What is “Creativity” and how do I wring it from my tired and flabby brain?
This is a bigger subject than I currently have time/energy to write about in depth, so I’m bringing in some outside help, but lately I’ve been thinking about how my approach to tapping into the creative side of my brain has changed since my schedule has become so tortured.
I believe that the possession of creativity is something you just have, an innate characteristic, and a common one at that. I also believe that people confuse genuine lack of creativity with a lack of understanding of how to tap into and express their creative thoughts.
Here, Dustin Wax cites a study done by the Crown Plaza hotel on the creativity of its patrons in terms of what times of day or what activities are more conducive to creativity. The results indicated that late evening was the most creative time, and that 4:30pm was the least, and that showers were the best activity after which one would grow large with ideas.
Call it circadian rhythms, call it the daily ebb and flow of blood sugar, call it magic if you want; the fact remains that or brains keep to a timetable that can be very hard to change and even harder to fight. Whether your personal schedule matches the survey’s results or whether your creative time comes earlier in the day, it pays to understand just how your mind’s abilities wax and wane over the course of the day.
For much of my life, creativity has always been wrapped in a mystique. It’s considered by many to be unpredictable, a fickle, elusive state of mind and/or being that can only be waited for or happened upon. But this is a false notion and has lead to many, many wasted hours and a lot of work just not done because I wasn’t “moved” to do it. And while the lightning-strike-on-the-crapper moments will hit you, if you try to make those your bread and butter, you’ll end up going hungry and your creative talents will just atrophy.
The truth is that the entire human experience is made up of biological cycles, rhythms, ebbs and flows that are days, months, and even years long. So it stands to reason that creativity would be influenced by a cycle or two. Some cycles are more easily altered than others, and the difficulty would vary from person to person, which probably contributes to many peoples’ “lack of creativity”.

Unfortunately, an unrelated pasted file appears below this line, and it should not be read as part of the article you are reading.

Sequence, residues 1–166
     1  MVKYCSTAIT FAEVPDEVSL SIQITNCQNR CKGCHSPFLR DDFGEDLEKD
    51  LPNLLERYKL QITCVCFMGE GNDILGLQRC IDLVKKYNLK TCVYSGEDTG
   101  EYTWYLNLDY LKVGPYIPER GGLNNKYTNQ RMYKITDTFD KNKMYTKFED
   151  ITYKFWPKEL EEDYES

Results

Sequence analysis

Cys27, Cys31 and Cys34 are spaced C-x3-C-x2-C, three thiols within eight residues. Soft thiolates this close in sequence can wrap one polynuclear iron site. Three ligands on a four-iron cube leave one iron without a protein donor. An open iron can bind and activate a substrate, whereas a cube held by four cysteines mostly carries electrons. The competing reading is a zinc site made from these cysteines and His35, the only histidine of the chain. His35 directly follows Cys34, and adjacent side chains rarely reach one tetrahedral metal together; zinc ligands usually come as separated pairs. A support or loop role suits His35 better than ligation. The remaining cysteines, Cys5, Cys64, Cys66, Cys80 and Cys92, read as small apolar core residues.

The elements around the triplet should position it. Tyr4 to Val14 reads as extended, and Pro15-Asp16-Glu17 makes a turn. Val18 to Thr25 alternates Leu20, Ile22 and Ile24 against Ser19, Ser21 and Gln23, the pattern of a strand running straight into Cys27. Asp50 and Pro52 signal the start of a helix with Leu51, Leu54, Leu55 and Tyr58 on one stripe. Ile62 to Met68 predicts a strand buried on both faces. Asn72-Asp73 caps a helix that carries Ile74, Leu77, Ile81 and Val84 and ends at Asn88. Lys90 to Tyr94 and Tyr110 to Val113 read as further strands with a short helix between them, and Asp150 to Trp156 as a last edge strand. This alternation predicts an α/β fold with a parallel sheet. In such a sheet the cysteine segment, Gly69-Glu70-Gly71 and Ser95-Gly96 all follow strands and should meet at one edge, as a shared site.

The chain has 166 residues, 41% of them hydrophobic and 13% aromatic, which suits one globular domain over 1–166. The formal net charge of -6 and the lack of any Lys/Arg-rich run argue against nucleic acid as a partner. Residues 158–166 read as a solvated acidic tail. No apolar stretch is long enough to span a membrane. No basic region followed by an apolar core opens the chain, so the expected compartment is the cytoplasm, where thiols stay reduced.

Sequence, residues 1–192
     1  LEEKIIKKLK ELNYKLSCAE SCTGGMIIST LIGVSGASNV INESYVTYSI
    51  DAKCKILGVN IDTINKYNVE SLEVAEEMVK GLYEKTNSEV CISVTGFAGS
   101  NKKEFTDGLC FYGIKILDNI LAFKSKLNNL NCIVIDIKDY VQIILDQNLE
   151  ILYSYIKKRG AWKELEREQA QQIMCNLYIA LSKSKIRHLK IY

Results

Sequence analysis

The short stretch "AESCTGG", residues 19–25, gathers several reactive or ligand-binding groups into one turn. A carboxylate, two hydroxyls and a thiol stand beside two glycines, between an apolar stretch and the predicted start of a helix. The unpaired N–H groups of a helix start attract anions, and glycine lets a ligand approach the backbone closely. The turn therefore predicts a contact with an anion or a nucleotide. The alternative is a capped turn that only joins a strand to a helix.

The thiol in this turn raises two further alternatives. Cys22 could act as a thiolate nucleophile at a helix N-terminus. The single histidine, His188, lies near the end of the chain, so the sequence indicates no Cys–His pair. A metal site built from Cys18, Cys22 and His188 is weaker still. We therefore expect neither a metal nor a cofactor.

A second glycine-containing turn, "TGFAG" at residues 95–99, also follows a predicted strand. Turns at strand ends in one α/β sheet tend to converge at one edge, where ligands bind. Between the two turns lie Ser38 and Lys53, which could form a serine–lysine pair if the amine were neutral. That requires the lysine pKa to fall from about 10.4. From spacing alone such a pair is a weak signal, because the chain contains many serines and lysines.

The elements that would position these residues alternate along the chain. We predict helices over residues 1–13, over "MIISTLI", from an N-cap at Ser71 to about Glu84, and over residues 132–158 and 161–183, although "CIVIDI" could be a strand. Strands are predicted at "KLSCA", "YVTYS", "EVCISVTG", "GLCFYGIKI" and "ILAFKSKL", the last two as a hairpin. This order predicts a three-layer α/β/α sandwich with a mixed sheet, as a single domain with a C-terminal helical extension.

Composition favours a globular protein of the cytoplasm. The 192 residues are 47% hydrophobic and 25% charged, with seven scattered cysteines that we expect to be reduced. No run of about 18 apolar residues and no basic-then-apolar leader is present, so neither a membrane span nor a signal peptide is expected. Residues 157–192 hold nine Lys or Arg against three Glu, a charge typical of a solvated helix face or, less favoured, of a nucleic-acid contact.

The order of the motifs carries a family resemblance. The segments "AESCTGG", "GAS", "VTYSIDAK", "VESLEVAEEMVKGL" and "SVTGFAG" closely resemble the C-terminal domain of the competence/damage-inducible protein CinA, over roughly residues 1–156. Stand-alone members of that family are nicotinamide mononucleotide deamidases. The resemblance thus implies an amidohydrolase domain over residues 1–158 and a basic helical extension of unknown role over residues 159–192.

Dustin’s article is a good place to start when trying to figure out your creative cycle.
There aren’t any classes that teach being creative. None of the writing classes I’ve taken address the “waiting for my muse” issue that lots of beginning writers have been programmed to take as truth. Now and again the struggling novice will stumble in to a state of Flow and lose hours while pumping out thousands of words, but suddenly after returning from a long overdue trip to the bathroom, they’ll discover that the words have stopped coming! They stop, expecting that tomorrow, they’ll just step back into it, but when tomorrow comes…nothing comes out! Panic sets in, or procrastination, and days pass and the only thing that’s produced is page after page of nothing.
What’s missing is the acknowledgement of the fact that expressing one’s creativity isn’t a magical time (although it can be); it’s work, not magic. A point that’s reiterated by Merlin Mann here:
There are also dozens of books on “creativity” itself. Guides that are meant to help you access and unlock the artist within and to see the world in more creative ways. How to “be” creative, how to generate ideas, and how to learn to think “laterally.”
Some of these books are just terrific, many are atrocious, and, at least in my anecdotal experience, only a handful challenge their readers with a fundamentally unmarketable premise:Creative work only seems like a magic trick to people who don’t understand that it’s ultimately still work.
The biggest whine that I’ve heard about pulling off the big, velvet, symbol-covered mystery cloak that people drape their creativity in is that if they removed the mystique that the power and spontaneity would drain out of their work, and it would become flat and pedestrian. This just isn’t true. Spontaneity is a powerful influence and it does drive idea generation, but it isn’t the end-all of the process. It’s the seed, and like a seed, there’s a lot more that goes into growing an idea to maturity than just the first core idea. It’s called “work”.
So how do you approach your creative projects like work? How do you approach your job? You have a schedule. You have business hours. You have a place that you go in order to do your work. You show up every day and crank the widgets.
We can’t always summon creativity on a whim. We are human beings, not machines, and are influenced by cycles and rhythms. But what we can do is start a new cycle or work to change existing ones. But creativity isn’t a magical state. It’s work. And it should be treated as such if one’s goal is to actually use a talent for creativity to actually create something.